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Author: JAFO31 Big gold star, 5000 posts Old School Fool Add to my Favorite Fools Ignore this person (you won't see their posts anymore) Number: of 75383  
Subject: Re: RISING DIVIDENDS ANYONE? Date: 11/10/1999 8:21 PM
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brucedoe: "It took me decades to "know thyself", but I finally figured out that I needed stocks that pay dividends, preferably rising dividends, in order for me to hang in there on the dips. I have not been able to locate a listing of stocks with rising dividends but am gradually beginning to compile a list of my own. The following stocks all raised their dividends through the Nixon (1973-1974), Reagan (1982), and Bush (1990) recessions.

The Fabulous Forties (number of years of rising dividends in parentheses): Proctor and Gamble (44), Genuine Parts (44), MMM (41), Old Kent Financial (41), Johnson and Johnson (40)

The Thrilling Thirties: Cinncinati Financial (39), Coca Cola (37), Tootsie Roll (34)(also give annual 3% stock dividends), J.P. Morgan (33), Pfizer (32), Philip Morris (32)"


Obviously, you know yourself better than any poster on this board would, but what other screens do you use in addition to rising dividends. I ask because I have finally figured out how to articulate my concern.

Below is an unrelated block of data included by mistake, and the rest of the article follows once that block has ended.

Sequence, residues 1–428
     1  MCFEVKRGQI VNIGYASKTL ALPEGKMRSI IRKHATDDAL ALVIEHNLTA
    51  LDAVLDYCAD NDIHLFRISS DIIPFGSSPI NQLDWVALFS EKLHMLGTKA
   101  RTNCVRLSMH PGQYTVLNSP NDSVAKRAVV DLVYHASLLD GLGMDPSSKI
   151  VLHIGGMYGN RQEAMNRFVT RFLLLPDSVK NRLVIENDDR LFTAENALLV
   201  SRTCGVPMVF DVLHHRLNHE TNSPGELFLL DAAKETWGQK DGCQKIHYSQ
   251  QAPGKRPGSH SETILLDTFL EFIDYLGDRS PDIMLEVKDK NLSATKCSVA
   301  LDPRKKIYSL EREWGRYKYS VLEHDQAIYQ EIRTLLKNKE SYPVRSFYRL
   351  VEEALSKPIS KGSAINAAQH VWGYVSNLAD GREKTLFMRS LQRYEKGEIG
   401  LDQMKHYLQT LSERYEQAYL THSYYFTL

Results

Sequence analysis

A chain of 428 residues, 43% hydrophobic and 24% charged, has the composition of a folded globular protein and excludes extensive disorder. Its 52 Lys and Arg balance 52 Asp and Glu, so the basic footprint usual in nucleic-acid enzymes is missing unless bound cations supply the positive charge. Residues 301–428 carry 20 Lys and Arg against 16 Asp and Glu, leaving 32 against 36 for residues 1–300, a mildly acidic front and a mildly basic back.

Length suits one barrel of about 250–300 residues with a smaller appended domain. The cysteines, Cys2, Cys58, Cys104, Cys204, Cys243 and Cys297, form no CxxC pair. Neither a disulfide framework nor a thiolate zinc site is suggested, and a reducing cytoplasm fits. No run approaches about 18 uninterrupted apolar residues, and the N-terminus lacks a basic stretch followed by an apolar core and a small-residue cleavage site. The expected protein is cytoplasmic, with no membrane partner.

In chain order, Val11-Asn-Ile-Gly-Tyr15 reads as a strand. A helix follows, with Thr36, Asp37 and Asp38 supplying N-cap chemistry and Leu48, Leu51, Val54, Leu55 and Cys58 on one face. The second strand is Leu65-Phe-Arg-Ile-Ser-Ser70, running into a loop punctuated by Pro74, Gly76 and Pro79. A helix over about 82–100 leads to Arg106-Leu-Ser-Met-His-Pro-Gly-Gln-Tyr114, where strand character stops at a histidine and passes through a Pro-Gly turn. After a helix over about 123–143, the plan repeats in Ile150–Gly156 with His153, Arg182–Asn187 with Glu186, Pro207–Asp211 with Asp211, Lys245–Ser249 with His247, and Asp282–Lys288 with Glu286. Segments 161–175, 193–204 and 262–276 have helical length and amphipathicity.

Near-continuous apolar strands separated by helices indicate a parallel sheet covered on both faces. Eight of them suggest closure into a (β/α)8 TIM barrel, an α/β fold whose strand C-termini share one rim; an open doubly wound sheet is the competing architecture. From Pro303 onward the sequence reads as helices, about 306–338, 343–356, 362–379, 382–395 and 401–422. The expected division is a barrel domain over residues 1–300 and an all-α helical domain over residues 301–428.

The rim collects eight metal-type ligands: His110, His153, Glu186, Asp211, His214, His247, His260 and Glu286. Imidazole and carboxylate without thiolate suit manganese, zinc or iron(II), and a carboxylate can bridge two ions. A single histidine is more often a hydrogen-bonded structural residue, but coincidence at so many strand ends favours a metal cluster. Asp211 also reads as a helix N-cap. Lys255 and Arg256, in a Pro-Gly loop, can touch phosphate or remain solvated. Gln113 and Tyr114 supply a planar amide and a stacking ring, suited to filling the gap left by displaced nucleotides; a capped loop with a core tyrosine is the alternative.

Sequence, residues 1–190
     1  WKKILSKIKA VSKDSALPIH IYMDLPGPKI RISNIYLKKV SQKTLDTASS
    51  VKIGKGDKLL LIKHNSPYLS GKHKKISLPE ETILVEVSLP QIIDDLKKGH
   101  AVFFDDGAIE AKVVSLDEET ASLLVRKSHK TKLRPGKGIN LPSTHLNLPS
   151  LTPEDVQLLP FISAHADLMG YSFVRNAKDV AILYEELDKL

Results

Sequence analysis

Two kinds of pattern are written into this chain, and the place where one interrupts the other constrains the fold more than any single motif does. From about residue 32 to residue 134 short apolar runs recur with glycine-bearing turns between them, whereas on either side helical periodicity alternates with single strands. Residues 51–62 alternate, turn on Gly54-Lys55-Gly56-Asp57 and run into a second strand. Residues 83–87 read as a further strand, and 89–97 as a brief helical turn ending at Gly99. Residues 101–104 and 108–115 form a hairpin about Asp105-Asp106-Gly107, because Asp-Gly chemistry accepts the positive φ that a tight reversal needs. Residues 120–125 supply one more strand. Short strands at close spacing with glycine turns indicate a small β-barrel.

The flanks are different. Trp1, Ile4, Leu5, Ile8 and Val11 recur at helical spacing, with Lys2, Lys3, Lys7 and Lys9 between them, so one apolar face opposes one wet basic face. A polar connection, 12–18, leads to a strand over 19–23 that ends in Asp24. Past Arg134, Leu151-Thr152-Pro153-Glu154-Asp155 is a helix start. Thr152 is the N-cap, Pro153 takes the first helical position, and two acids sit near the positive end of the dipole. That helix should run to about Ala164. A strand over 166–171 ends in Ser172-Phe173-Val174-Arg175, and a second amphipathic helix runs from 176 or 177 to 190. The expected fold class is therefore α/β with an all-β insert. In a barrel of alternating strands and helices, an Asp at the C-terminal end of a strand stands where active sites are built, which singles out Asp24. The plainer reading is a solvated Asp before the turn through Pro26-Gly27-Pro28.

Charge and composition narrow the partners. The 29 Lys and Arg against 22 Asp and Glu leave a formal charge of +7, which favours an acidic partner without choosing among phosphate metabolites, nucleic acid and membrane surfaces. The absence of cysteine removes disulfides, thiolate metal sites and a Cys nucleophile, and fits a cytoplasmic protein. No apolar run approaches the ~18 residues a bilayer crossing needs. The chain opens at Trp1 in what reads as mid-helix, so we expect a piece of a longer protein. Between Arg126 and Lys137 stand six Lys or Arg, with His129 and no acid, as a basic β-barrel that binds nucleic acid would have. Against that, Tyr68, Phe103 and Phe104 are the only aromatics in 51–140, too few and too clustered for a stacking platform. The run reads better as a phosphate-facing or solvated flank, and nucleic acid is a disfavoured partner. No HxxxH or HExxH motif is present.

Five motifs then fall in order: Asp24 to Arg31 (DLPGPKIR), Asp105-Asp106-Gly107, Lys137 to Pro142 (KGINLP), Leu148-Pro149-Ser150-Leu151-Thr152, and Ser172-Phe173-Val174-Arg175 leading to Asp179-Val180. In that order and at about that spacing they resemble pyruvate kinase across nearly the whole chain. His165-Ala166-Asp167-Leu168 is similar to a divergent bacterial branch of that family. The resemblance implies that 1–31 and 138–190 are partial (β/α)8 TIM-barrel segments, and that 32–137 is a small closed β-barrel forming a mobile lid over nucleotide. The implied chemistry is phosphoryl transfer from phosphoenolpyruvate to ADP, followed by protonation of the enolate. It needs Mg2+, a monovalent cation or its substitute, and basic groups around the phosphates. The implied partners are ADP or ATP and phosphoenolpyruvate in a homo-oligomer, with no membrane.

Having enough money to pay dividends, and rising ones at that, is just another competing use for limited corporate funds. I would not want to see dividends paid by shortchanging operations, including R&D, or by borrowing money, or more likely, not paying back expensive existing debt in order to have funds available to pay the dividend. IOW, I am looking for the next BRK or Microsoft.

Divdends are also taxed as income and do not receive the benefit of capital gains. Thus a stock whose yield is comprised of dividend payment and appreciation generally needs to yield more than one whose yield is all apprecition in order to give the same after tax return.

For example, assume 33% marginal bracket, 10% yield comprised of 3% dividend and 7% appreciation; one-third of 3% is 2% after tax, and assuming stock is sold, (1-20%) of 7% is 5.6% for a total 7.6% after tax. Now compare with 10% yield, no dividend and sale after one year (1-20%) of 10% is 8% after tax or .4% more. If stock is held longer, the spread will only increase beecause tax on divends is due annually but capital gains is due only when stock is sold, but I am too lazy to construct the spreadsheet.

I am thankful for the list, though.

Just my $0.02. Regards, JAFO




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